The Mistake is another important factor of free consent to avoid the contract. The mistake might be anything that occurred in the agreement itself. The mistakes are of two types-one is unilateral, and the other is bilateral mistakes.

Unilateral Mistake: When a single party of a contract has mistaken the agreement knowingly or unknowingly it is considered as a unilateral mistake.


Bilateral Mistake: Again, it has two divisions, namely common mistake and mutual mistake. A common mistake is a mistake that generally occurred in the norms of an agreement without prior knowledge. At the same time, mutual mistakes are considered as the misunderstandings of both the parties regarding the agreement and made mistakes innocently. This can be tried to resolve by making necessary modifications in the agreement.

4. Is a threat to commit suicide termed coercion?

No, a threat to commit suicide can not be termed as coercion. But further, it also depends upon the situation. A well-known example is the case of Ammiraju v. Seshamma, who threatened to commit suicide in order to force his wife to release the property which amounted to coercion. His wife was prejudiced and it can't be forbidden by law. But under section 15, a mere prejudice cannot provide relief to a person.

5. Which parties are affected by undue influence?

The parties that are much affected by undue influence can be listed below as 

  • Tender age

  • Old age

  • Doctor and patient

  • Parent and child

  • Lawyer and client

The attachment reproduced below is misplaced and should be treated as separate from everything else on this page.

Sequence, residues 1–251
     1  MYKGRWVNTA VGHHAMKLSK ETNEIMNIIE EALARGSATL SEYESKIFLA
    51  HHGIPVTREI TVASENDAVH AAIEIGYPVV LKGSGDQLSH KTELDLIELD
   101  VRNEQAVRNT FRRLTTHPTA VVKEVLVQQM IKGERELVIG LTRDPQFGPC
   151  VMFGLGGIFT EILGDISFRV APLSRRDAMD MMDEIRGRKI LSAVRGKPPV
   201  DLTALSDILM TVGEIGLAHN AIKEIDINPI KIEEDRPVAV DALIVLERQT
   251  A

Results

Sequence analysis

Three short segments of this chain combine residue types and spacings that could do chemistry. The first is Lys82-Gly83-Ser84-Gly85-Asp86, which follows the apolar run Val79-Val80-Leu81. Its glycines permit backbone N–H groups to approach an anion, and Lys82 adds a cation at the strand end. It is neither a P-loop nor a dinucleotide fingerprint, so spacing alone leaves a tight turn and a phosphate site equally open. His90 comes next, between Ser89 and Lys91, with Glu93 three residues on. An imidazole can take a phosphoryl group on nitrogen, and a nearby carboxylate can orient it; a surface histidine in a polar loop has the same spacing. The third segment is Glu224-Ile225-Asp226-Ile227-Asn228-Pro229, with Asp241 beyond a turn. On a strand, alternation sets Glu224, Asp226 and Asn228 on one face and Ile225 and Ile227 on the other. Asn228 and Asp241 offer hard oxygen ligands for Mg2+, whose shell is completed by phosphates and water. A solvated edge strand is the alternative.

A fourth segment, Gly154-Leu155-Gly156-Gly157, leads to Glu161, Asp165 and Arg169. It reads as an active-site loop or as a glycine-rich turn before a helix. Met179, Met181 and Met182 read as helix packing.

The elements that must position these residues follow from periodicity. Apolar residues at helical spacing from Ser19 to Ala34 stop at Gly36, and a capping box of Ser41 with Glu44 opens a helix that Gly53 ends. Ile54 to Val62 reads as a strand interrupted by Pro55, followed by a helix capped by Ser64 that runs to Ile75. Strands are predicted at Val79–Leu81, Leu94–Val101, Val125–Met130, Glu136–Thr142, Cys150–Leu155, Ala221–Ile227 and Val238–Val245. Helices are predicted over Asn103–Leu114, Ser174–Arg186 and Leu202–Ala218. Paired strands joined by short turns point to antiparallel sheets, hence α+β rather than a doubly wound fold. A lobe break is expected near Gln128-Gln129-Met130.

• Real and apparent authority

  • Parent and child

  • Trusty and beneficiary

  • Landlord and tenant

  • Husband and wife

  • Fiduciary relationship

  • A person with low mental capacity

6. What is termed as the burden of proof?

"Burden of proof" is a term used under the term "undue influence" where one party uses its power to dominate the other party against its will. It is necessary to prove that a person is actually dominated by the other party. It is required to prove that a party took undue advantage of others and the other was in a position to get dominated by the other party.

7. What is a major difference between coercion and undue influence?

Coercion is a criminal offence whereas undue influence is not a criminal offence. Coercion doesn't include both parties whereas undue influence includes both parties. The relationship between both the parties is not necessary for coercion but in undue influence, both the parties help each other to satisfy the burden of proof. Coercion forcefully makes a person enter into a contract whereas undue influence is about dominating the other party.

8. Is silence a form of fraud?

No, silence is not considered fraud. But if a party is supposed to speak but instead keep silent of the facts then it amounts to fraud. In this case, the other party has all the rights to enquire about the particular facts that are hidden or are untold by the party. If a person continues to remain silent about the facts which are supposed to be shared, then it leads to fraud as it can harm the other party.